HANG TIME HEADQUARTERS — In the seemingly endless search for an edge in the Draft process, teams are willing to go to great lengths to find theirs.
The Charlotte Bobcats, whose draft missteps of the recent past have been well documented (Sean May, Adam Morrison, etc.), have come up with a remedy for what has ailed them over the years. And they’ve found it in an original system designed by general manager Rich Cho, whose cutting-edge system has helped Michael Jordan‘s Bobcats completely rework their scouting process.
The first real chance the Bobcats will have to test it out comes Thursday night, when they’ll use it to assist them when they have the No. 2 pick (and No. 31, the first pick in the second round). Cho’s system involves a radically different approach to what the league is used to, as Rick Bonnell of the Charlotte Observer details:
Cho’s system has all the basics you’d expect: Player contracts, statistics that can be used to compare Bobcats players’ development to others’, any potential bonuses that could complicate trade discussions. But beyond that, this is a function of Cho’s self-description as “a big information hound.”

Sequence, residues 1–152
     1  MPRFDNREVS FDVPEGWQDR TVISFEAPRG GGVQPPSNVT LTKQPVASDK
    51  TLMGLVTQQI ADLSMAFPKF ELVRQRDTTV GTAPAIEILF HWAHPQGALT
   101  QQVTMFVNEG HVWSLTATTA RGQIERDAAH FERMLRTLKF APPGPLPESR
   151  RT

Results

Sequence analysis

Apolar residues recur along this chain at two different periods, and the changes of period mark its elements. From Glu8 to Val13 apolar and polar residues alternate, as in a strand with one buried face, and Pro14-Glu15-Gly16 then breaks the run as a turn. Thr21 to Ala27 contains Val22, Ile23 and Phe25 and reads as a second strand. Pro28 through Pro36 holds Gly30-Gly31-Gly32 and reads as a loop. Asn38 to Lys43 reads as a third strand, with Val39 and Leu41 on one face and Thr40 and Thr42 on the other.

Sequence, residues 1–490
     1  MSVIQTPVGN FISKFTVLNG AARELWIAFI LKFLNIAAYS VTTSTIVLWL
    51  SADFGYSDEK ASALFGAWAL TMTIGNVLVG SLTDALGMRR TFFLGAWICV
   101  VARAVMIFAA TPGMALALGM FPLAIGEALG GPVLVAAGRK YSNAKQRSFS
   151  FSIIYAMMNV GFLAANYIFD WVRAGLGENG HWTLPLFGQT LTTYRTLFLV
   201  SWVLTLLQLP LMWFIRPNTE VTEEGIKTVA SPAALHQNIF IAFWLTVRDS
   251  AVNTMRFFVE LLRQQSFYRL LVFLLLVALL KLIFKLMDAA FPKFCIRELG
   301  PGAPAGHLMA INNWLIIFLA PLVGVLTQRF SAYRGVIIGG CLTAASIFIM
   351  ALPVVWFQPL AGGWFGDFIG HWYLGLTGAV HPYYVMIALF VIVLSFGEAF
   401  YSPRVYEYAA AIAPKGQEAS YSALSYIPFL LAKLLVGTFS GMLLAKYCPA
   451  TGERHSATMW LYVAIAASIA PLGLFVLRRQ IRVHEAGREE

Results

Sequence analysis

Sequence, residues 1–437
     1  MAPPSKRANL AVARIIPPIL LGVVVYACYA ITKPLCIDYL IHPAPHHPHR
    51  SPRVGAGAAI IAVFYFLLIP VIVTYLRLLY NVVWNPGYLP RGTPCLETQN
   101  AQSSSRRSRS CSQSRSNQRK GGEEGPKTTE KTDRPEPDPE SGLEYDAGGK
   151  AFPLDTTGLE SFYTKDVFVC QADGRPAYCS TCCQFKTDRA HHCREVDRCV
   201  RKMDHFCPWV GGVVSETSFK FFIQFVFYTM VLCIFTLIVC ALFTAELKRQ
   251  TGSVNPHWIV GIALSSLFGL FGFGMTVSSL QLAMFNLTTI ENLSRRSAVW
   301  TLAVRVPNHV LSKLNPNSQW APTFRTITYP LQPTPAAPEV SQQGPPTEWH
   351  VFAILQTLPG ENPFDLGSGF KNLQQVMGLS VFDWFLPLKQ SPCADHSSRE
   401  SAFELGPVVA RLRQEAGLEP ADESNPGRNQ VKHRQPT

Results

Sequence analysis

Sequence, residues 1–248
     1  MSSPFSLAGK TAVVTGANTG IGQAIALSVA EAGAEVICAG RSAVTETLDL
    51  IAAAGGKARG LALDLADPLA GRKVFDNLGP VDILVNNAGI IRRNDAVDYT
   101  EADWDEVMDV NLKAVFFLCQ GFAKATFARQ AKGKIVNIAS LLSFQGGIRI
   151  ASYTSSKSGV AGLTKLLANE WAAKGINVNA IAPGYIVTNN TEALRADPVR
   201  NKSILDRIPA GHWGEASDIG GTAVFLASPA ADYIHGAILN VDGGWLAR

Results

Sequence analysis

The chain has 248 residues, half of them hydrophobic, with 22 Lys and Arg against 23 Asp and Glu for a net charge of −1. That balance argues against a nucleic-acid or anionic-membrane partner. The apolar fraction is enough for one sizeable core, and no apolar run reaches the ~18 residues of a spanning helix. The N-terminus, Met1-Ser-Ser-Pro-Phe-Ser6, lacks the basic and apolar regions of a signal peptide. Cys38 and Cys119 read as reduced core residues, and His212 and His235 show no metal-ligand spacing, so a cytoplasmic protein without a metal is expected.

Call it nosey if you like. To Cho, it’s being forewarned. You can see both the engineer and the lawyer in Cho’s concept.
He tells the scouting staff to be perceptive with their “eyes” (in writing scouting reports), their “ears” (dig deep in background checks: Is a player a leader or a follower? Does he smoke or drink? Does he care about others?) and through “numbers” (a wealth of statistics that can be collated a variety of ways for apples-to-apples comparison).
Beyond that, Cho asks the team’s scouting staff for two things: Look ahead, not behind, and develop a consistency in evaluating players’ development.
There’s a quote from hockey great Wayne Gretzky that Cho likes, repeated throughout these web pages like a mantra: “When everyone else is looking where the puck is, I’m looking at where the puck will be.”
It will probably be years before anyone knows exactly how effective Cho’s system really is, and it’s clear that every team has its own system in place (the Mavericks, for example in the video above, have their own distinct approach to the Draft process).
But when a franchise has struggled the way the Bobcats have the past two seasons, a radical approach, is probably exactly what is needed.